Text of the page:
Thursday, December 18, 2014

100 Favorite Films - #50 - #41

A continuation of my list counting down my 100 favorite films of all time.

50. The Double Life of Veronique (1991)

Earlier I listed The Decalogue as a favorite film, but it is not my favorite work by director Krzysztof Kieslowski as he also is responsible for the completely beautiful movie The Double Life of Veronique. The flow of this film was like listening to perfectly written poetry be recited, where you aren't even sure why but you fall in love with the words and want to hear them all over again. The plot revolves around two women who are seemingly exactly the same, including their appearance. They cross paths only once and very briefly, yet they experience some sort of connection that cannot fully be understood.

49. Pan's Labyrinth (2006)

My Review of Pan's Labyrinth

Already listed was the Spanish film The Spirit of the Beehive, which is the inspiration behind the next film, the spectacular film Pan's Labyrinth by Guillermo del Toro. The story centers on a young girl named Ofelia and the conflict that surrounds her, a new home and an unwanted life as her pregnant mother marries a cold and ruthless Captain during the Spanish civil war. The way this film balances the unsettling reality with the realm of fantasy, with haunting imagery coming from both sides, is remarkable.

48. Goodfellas (1990)

A mob masterpiece by Martin Scorsese, what really needs to be said about Goodfellas? An amazing cast all delivery memorably great performances based on inspired material, everything that went into the production of this film is to credit for it not being considered not just one of the finest crime films ever made, but one of the finest of any genre.

47. My Neighbor Totoro (1988)

My Review of My Neighbor Totoro

The god of hand drawn animation, Hayao Miyazaki has crafted quite a lot of amazing features working out of the factory of genius, Studio Ghibli, and one of his finest is My Neighbor Totoro, a film that focuses on the wonders of the imagination in a child and the ways kids find to cope with concern and grief. Truly a gorgeous film that should be treasured by people of all ages.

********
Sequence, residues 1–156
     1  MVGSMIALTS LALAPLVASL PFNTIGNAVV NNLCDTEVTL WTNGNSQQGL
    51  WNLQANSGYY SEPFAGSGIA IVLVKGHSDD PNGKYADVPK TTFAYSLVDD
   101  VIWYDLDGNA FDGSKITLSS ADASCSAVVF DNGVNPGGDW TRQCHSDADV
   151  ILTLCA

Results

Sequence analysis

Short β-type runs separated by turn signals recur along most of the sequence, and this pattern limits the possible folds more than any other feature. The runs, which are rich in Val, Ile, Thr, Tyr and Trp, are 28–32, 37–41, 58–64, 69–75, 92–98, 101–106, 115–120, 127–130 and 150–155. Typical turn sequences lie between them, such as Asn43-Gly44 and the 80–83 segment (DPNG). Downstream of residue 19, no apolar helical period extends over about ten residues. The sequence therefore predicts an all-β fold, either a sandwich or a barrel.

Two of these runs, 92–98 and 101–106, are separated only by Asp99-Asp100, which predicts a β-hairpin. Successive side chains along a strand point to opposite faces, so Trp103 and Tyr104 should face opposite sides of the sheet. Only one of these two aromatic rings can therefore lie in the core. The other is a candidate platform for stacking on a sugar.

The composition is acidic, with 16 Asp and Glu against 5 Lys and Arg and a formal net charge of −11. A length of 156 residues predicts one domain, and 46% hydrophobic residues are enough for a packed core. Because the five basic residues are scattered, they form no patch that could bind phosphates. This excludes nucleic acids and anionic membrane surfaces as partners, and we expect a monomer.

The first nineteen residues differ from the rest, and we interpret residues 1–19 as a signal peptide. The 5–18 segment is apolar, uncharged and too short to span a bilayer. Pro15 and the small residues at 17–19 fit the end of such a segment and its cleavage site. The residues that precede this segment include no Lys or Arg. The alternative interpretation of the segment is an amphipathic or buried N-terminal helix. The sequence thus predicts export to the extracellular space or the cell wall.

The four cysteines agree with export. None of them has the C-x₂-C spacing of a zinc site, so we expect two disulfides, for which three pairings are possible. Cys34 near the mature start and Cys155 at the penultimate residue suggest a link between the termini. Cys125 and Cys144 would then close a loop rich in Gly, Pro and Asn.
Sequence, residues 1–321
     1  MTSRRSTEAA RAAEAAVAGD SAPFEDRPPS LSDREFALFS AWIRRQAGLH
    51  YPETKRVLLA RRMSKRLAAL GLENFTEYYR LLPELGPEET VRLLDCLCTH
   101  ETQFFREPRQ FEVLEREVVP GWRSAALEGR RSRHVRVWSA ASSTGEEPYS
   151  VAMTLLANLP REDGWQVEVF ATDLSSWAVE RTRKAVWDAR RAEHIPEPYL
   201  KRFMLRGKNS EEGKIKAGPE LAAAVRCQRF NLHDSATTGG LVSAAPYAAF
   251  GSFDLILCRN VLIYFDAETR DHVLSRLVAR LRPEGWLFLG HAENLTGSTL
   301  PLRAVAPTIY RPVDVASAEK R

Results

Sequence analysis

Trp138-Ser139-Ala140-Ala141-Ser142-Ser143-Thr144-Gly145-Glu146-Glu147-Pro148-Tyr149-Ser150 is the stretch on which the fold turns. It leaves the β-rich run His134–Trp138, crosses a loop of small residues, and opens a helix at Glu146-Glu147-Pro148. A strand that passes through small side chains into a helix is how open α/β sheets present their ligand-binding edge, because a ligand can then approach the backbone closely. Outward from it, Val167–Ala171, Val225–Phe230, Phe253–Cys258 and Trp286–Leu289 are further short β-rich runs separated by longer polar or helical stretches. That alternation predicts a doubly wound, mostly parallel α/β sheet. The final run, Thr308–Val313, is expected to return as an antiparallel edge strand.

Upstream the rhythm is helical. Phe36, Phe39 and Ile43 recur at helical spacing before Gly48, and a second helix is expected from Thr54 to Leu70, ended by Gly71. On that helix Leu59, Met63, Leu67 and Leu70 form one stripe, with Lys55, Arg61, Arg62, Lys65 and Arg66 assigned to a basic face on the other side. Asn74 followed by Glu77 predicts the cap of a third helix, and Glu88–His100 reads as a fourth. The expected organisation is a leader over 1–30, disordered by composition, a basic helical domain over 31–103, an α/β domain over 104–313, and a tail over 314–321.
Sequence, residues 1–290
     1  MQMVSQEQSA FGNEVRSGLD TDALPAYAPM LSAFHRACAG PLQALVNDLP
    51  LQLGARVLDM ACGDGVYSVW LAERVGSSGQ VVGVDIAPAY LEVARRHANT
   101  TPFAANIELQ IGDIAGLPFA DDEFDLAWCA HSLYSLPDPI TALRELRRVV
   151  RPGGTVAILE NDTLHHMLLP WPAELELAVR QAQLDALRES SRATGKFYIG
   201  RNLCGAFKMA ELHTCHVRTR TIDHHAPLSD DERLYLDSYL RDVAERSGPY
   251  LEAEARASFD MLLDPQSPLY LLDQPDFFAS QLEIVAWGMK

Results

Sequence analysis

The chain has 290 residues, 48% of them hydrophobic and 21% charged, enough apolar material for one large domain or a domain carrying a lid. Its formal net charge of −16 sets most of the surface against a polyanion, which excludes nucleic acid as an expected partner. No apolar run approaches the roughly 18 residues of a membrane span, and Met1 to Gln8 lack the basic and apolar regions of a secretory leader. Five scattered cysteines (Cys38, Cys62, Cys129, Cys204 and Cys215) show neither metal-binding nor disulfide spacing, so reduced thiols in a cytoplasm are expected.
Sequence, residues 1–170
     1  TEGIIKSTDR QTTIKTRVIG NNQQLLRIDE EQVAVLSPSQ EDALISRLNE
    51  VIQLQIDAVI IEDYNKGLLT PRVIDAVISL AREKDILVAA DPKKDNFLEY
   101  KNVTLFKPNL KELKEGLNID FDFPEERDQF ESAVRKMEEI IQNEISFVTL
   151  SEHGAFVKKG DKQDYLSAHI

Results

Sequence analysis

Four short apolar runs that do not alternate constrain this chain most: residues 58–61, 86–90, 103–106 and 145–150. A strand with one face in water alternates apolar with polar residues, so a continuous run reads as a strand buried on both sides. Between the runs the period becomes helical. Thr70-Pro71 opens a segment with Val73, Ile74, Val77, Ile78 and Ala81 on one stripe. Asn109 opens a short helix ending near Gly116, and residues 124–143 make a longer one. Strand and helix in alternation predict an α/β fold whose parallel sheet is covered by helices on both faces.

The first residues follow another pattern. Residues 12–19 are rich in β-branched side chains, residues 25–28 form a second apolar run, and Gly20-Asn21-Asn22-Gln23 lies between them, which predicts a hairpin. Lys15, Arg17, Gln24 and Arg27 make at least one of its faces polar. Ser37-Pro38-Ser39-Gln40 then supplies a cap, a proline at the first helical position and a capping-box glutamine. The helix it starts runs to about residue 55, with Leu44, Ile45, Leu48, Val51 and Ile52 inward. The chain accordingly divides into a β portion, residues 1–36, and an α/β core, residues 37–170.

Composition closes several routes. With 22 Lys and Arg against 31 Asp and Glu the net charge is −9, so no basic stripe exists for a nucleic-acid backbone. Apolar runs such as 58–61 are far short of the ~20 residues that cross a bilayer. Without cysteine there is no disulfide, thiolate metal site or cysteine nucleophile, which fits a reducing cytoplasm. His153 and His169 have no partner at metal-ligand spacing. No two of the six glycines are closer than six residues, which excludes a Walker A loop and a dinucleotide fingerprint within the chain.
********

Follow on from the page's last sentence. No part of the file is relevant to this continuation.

46. The Matrix (1999)

A defining moment in cinema for me came in 1999 when The Matrix was released and it very nearly literally blew my teenage mind. I had never seen anything like it and it pushed the limits I had come to understand in terms of what special effects were capable of. It also pushed my love for science fiction to new heights, and it remains just as effective a work today as it did back then.

45. The Shining (1980)

Stanley Kubrick's horror masterpiece, The Shining is a film that kept me up at night as a child and it is easy to understand why. The real question is, what the hell was I doing watching this so young? The imagery, the dialogue and having to comprehend what it meant to be deranged, my mind raced and I wanted to cover my eyes...but I couldn't help looking through my fingers at the unsettling bliss on the screen.

44. The Night of the Hunter (1955)

The one and only film directed by Charles Laughton, The Night of the Hunter was inexplicably a critical and commercial failure upon its release, and watching it now it truly is impossible to understand why. Paced with eloquence, performed with tension, delivered spectacularly, this is a film that deserves the recognition it now receives. What a splendid work it is.

43. Halloween (1978)

My Review of Halloween

In the world of horror cinema, it doesn't get much better than John Carpenter's Halloween, a film that so effectively uses its setting and technical aspects like lighting and musical score, if it doesn't do anything for you I would hope you check and make sure you have a pulse. One of the most brilliant touches on this film was the decision to not shroud the entire feature in darkness, instead allowing Michael Myers to roam the streets and stalk his prey on a bright and typical suburban afternoon. The fact that this iconic movie monster can scare you at 3 P.M. makes you wonder...what is he capable of at night?

42. Oldboy (2003)

A completely unique and unsettling film, Oldboy tells the story of a man being suddenly and seemingly randomly kidnapped one night off a city street and being locked away in a single room for 15 years without any explanation why. Then, one day out of nowhere, he is released back into the world, and he must search for answers in order to obtain his vengeance. Director Chan-wook Park really delivered something special and disturbingly memorable here, with an ending that literally had me shout expletives derived from being totally caught off guard by the path it takes.

41. Good Will Hunting (1997)

A wonderful drama directed by Gus Van Sant, Good Will Hunting touches every emotion for me. I laugh, I cry, and I find the narrative to be constantly compelling. The screenplay really fleshes out these characters and allows them to become oddly familiar and authentic, allowing the famous faces to become real, believable people rather than just stars filling roles. Matt Damon and Ben Affleck won the Oscar for writing this original and outstanding feature.

40 films left to list. What will come next? Above is an image of a film that will appear on the next list of ten.

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